He opposes injustice and sexual immorality. He stood up to people in power and he called the powerless to repent. When he fought for his purpose he never used the weapons of human power or social cancellation.

Faced with enemies, he contended with them to win them over, not to conquer them. His life was utterly consistent with his message. He did not yield to the temptation of power. His fame was not a lever to personal gain.

His competence

Our leaders make big promises and announce great plans but the results are always far less than expected. Not so with Jesus. Not only was his character above and beyond any person you have ever known or known about, but he revealed an ability to take on every problem with perfect justice, truth, and mercy.

  1. He conquered disease and genetic defects and the effects of tragic accidents.
  2. When faced with natural disasters and climate disturbances, he triumphed.
  3. No power of darkness, not even in great number, could withstand his command and rebuke.
  4. Every conundrum he faced was met with light and clarity and justice.
  5. He was the hope of the marginalized and downtrodden.

His magnanimous goodness

Of all the lies we believe about God, none is more pernicious than the lie that God is mean-spirited. Yet we all tend to believe that God must be in the misery producing business because he refuses to give us what we want. Here is the answer to that: when God took on human flesh and walked among us, what was he like?

And he went throughout all Galilee, teaching in their synagogues and proclaiming the gospel of the kingdom and healing every disease and every affliction among the people. So his fame spread throughout all Syria, and they brought him all the sick, those afflicted with various diseases and pains, those oppressed by demons, those having seizures, and paralytics, and he healed them. (Matthew 4:23-24)

What did he leave behind him?

You can measure someone’s life by their legacy. Look at the immediate effects of Jesus life and ministry.

He came into a world dominated by the truly evil one. The malice of that evil one’s heart revealed itself in the misery he brought to his subjects. Jesus came to put down the gulag of the devil and set the prisoners free.

Village by village, day after day, for more than 2 years, he drove out disease, paralysis, cancer, fevers, and demonic powers. One scholar said it is likely that in the aftermath of Jesus ministry in Galilee that there were no sick persons remaining.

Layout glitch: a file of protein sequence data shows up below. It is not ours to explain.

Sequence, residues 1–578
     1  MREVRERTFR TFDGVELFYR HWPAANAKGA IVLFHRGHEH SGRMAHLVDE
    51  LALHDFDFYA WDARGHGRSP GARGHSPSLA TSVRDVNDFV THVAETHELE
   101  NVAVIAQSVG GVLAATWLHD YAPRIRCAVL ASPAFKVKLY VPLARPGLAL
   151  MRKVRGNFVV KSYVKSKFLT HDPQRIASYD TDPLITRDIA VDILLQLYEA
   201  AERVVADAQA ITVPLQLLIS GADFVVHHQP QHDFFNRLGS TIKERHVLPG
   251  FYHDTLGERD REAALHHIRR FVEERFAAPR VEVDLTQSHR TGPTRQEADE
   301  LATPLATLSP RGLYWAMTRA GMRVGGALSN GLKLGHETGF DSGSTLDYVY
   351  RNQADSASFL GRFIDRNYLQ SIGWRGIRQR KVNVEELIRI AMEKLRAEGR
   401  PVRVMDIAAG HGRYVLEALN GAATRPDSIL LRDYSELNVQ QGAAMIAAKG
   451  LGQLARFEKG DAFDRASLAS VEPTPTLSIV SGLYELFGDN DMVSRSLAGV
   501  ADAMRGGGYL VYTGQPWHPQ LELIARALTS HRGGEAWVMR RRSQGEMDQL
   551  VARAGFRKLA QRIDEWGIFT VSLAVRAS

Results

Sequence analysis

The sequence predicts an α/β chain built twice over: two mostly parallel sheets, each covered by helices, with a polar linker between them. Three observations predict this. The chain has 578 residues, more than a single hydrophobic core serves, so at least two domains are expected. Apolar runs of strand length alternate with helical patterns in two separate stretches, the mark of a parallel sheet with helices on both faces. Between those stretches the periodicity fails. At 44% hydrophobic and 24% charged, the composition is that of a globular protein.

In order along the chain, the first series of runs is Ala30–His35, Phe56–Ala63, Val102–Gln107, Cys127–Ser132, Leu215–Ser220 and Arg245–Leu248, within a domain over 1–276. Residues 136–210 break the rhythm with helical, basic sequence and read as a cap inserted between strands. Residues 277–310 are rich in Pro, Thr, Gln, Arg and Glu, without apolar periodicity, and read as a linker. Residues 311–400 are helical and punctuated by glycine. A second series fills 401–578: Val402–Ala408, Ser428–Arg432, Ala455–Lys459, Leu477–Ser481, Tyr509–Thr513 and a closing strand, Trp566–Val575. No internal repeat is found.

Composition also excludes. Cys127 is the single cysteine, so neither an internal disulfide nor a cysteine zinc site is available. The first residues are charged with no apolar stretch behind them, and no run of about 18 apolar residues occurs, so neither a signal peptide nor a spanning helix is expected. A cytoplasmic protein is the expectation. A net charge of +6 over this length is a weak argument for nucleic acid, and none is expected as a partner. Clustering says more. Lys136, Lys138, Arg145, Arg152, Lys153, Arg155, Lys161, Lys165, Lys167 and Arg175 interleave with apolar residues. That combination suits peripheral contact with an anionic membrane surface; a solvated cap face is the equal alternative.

In the midst of this he taught for hours on end, as people hung on his every word. Crowds thronged him. He had few moments to himself. If you want to know how good he is, follow him around and look at what is left after he departs — whole, just, upright, enlightened, hope-filled, remade persons.

Of course he’s not tame, but he’s good

Let me be clear. Jesus character and ways cannot be put into a box. Being God, he said and did things that offended, that perplexed, and that provoked objections. None more so than his path to death on the cross.

He has the capacity to pull it off

The message of the Four Gospels is this: look at the character and ability of Jesus of Nazareth. Consider whether he is someone you could trust to do all that he promised. The issue is not his teaching — but him. Faith is nothing more or less than trust in him.

Nowhere does the Bible call people to a blind faith or a leap in the dark. Nowhere does it call us to throw out our brains and simply believe what God says. No, God shows us who he is — who Jesus is — and asks us to trust him. My question is this: why would you or I invest so much trust in the flawed, weak, morally compromised people who shout at us day after day. Who are they next to Jesus?

Ideologues are people who pretend they know how to “make the world a better place” before they’ve taken care of their own chaos within. (The warrior identity that their ideology gives them covers over that chaos.)3

The great offense

Jesus announced the kingdom in a magnificent vision of a new human race in a new society. He also showed the character to carry that power and use it with justice and selflessness. More than that, he demonstrated that he had more than enough ability to pull it off. But he pulled it off in a way that no one expected. No, he did it in a way that is deeply offensive. He brings the kingdom to reality by his own powerlessness, weakness, shame, and experience of injustice.

  1. This, by the way, is why I am a principled classical liberal (small l). I do not find any reason to entrust power to a few. Even with its faults, we do far less damage when power is decentralized and ideologies are forced to compromise. []
  2. Here is a fascinating description of a visit to the home of Jordan Peterson by Norman Doidge. Peterson collected memorabilia from the former Soviet Union and used it for decoration. Paintings lionizing the Soviet revolutionary spirit completely filled every single wall, the ceilings, even the bathrooms. The paintings were not there because Jordan had any totalitarian sympathies, but because he wanted to remind himself of something he knew he and everyone would rather forget: that over a hundred million people were murdered in the name of utopia. from Peterson, Jordan B.. 12 Rules for Life (p. ix). Random House of Canada. Kindle Edition. []
  3. Peterson, Jordan B.. 12 Rules for Life (p. xi). Random House of Canada. Kindle Edition. []